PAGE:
The perfect chocolate chip cookie. Some people spend their life in search of that one, perfect recipe. Look no further--this is the chocolate chip cookie that will stay crispy on the outside and chewy on the inside even when it cools. Heaven in 3 inches!!
Nobody needs to show you how to make cookies. You cream the butter, add the sugars, then eggs, then dry ingredients. No rocket science there. But if you want crispy-chewy cookies, there are secrets!!
The first secret is finding the perfect amount of flour to provide structure without dryness. Because when there is too much flour in any cookie recipe, it will be hard and dry. So this recipe requires VERY ACCURATE measurement of flour.
The second secret is the magic of Ultra Gel®, an instant modified food starch, to help give body to the cookie while holding in moisture. Suddenly, you have the know-how to be the favorite parent on the block!! (And if this seems revolutionary, check the ingredient statement of your favorite commercial soft cookies--you'll almost always find "modified food starch" as an ingredient.)
Yields 2 1/2 dozen large
- 1 c. butter, softened
- 1 c. granulated Sugar
- 1 c. brown sugar, lightly packed
- 2 eggs
- 2 t. vanilla
- 1 t. baking soda
- 2 t. hot water
- 1/2 t. salt
- 2 3/4 c. all-purpose flour (350 g.)
- 2 T. Ultra Gel®
- 2 c. semi-sweet chocolate chips
- 1 c. walnuts if desired
- Preheat oven to 350 degrees F (175 degrees C).
- Cream the butter until smooth, then add the granulated sugar and brown sugar and continue mixing until smooth.
- Beat in the eggs, one at a time, then stir in the vanilla.
- Dissolve baking soda in hot water. Add to batter along with salt.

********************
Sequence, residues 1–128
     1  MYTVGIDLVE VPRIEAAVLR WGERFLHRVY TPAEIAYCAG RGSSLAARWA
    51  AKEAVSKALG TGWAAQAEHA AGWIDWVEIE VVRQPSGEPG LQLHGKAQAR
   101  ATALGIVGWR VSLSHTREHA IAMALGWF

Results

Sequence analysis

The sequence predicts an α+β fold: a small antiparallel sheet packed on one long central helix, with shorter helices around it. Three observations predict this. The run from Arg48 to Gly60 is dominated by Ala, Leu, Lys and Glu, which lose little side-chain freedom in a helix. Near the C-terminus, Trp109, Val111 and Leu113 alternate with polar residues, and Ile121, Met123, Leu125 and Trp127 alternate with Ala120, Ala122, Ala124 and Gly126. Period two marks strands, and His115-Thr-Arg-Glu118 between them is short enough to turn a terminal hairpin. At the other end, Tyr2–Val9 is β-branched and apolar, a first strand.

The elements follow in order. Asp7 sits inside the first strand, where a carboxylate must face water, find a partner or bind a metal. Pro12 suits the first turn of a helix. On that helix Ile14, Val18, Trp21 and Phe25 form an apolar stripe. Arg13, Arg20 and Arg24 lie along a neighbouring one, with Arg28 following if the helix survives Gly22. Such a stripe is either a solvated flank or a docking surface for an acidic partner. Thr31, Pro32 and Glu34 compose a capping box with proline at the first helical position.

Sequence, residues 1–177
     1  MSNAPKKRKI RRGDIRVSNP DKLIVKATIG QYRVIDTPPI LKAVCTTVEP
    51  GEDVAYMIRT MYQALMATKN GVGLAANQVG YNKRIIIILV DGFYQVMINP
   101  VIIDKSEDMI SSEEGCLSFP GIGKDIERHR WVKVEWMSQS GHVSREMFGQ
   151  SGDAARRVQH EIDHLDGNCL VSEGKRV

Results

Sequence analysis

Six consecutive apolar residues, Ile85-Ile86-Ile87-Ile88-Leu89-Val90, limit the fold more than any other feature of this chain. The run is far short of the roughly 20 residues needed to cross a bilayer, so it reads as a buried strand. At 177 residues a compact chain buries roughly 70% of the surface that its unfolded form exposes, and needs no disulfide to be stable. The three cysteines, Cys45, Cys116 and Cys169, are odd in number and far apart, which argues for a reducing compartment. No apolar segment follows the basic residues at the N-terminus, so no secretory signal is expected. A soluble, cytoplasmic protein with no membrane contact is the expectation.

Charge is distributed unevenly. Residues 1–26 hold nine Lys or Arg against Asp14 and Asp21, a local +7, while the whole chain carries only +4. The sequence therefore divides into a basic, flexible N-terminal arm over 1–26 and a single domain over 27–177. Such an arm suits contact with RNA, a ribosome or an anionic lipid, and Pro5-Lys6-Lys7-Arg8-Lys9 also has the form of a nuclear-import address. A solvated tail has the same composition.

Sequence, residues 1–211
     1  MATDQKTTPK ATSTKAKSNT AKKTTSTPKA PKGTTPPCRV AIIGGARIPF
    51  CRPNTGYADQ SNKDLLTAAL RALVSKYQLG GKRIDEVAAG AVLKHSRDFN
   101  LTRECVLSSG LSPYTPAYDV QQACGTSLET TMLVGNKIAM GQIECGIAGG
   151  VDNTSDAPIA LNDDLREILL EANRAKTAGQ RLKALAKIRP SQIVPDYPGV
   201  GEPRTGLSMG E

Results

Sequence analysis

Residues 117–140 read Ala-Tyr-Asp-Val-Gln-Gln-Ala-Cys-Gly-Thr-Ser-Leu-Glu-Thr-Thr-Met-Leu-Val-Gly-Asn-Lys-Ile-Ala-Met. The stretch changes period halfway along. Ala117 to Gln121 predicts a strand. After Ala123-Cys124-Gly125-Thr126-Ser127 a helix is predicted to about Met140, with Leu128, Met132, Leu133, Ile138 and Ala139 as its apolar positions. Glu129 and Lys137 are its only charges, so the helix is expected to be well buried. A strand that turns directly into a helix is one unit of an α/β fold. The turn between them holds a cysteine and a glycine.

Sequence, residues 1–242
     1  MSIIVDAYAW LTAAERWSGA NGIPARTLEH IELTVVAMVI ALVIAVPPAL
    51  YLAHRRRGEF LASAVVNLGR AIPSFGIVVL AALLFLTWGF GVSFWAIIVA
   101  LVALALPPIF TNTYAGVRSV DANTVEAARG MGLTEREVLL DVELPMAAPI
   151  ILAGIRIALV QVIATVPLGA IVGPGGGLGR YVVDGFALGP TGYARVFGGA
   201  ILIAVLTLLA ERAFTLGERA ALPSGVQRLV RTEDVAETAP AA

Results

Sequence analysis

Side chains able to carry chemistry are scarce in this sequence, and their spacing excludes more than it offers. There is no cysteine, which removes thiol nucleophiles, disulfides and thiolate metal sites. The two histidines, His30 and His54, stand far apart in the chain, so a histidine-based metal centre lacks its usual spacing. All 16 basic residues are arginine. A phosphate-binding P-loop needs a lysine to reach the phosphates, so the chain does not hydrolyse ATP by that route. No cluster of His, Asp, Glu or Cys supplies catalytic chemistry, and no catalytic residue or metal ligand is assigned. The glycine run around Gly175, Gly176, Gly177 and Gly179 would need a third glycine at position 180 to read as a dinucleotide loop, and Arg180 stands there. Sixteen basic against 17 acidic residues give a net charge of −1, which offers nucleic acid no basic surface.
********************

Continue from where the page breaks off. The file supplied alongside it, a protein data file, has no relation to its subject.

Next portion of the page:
- Stir in flour (measure carefully!), chocolate chips, Ultra Gel® and nuts.
- Drop by large spoonsful onto shiny, ungreased baking sheets.
- Bake for about 12 minutes in the preheated oven, or until edges are nicely browned.
About measuring flour--a standard cup of flour weighs 128 grams. Most of us in the US don't think about grams much, but weighing flour is much more accurate than using a measuring cup. When I teach classes on baked goods, I usually start out by having several class members measure out what they think is a cup of flour. I then weigh the samples, rewarding the one that comes the closest to the standard measure. It is important to bring the importance of accurate measurements to the attention of those who wish to become excellent bakers.
Back in the "recent olden days" flour was sifted, then measured in order to get a standard measurement. Before then, cooks often used teacups or other implements to measure. I have a recipe from my grandmother's mother (born 1871) for some "Cream Cookies". I tried to replicate this recipe many years ago and found that the first ingredient was "a bowl of cream". I questioned my grandmother about it, and her reply was that there was a particular bowl they always used for cream when they skimmed it from the milk. When I asked how much it contained, she had no idea--it was just "a bowl of cream". Standardization of measurements has come a long way in the last hundred years!
But back to measuring flour: In this day and age, nobody I know even OWNS a sifter, so we rely on just putting flour in a measuring cup and calling it a cup. My experience, however, is that most of the time people put more into a cup than is standard--sometimes by as much as 30%. Obviously, that will change the results of any baked good.
If you don't have a scale, use a butter knife to stir the flour, then scoop it carefully into the cup with a spoon, leveling off the top with the back of the knife. That will get you very close! (I just tested this again and was able to come within just a few grams several times in a row.)
And there you have it! Perfectly chewy-crisp chocolate chip cookies. Bet they won't last long enough to get cold!